An analysis of the problem of the effectiveness of weapons, not necessarily nuclear, against a nonuniform target system where there is both shot-to-shot and target-to-target variation. In 1968 the widely held Defense Intelligence Agency method for multiple attacks was found by Latter and Thomas to be inapplicable to the case of hardness variation, since its derivation was based on shot-to-shot variation rather than on target-to-target variation. In this memorandum, the DIA function is used to obtain a solution for the case of a combination of shot-to-shot and target-to-target variation. It agrees with the DIA solution for the case of one weapon or when target-to-target variation is made zero. Further, an approximate solution is obtained that agrees with that found by Latter and Thomas when the shot-to-shot variation is set equal to zero. 38 pp. Ref. (ETH)
This report is part of the RAND Corporation Research memorandum series. The Research Memorandum was a product of the RAND Corporation from 1948 to 1973 that represented working papers meant to report current results of RAND research to appropriate audiences.
Our mission to help improve policy and decisionmaking through research and analysis is enabled through our core values of quality and objectivity and our unwavering commitment to the highest level of integrity and ethical behavior. To help ensure our research and analysis are rigorous, objective, and nonpartisan, we subject our research publications to a robust and exacting quality-assurance process; avoid both the appearance and reality of financial and other conflicts of interest through staff training, project screening, and a policy of mandatory disclosure; and pursue transparency in our research engagements through our commitment to the open publication of our research findings and recommendations, disclosure of the source of funding of published research, and policies to ensure intellectual independence. For more information, visit www.rand.org/about/research-integrity.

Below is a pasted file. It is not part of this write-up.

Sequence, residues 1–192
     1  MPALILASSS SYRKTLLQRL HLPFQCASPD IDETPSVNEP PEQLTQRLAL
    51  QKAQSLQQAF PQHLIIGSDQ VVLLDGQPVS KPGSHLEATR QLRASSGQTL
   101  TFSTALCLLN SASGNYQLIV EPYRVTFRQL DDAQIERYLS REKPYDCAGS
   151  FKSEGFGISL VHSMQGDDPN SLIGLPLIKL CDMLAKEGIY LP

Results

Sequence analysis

The RAND Corporation is a nonprofit institution that helps improve policy and decisionmaking through research and analysis. RAND's publications do not necessarily reflect the opinions of its research clients and sponsors.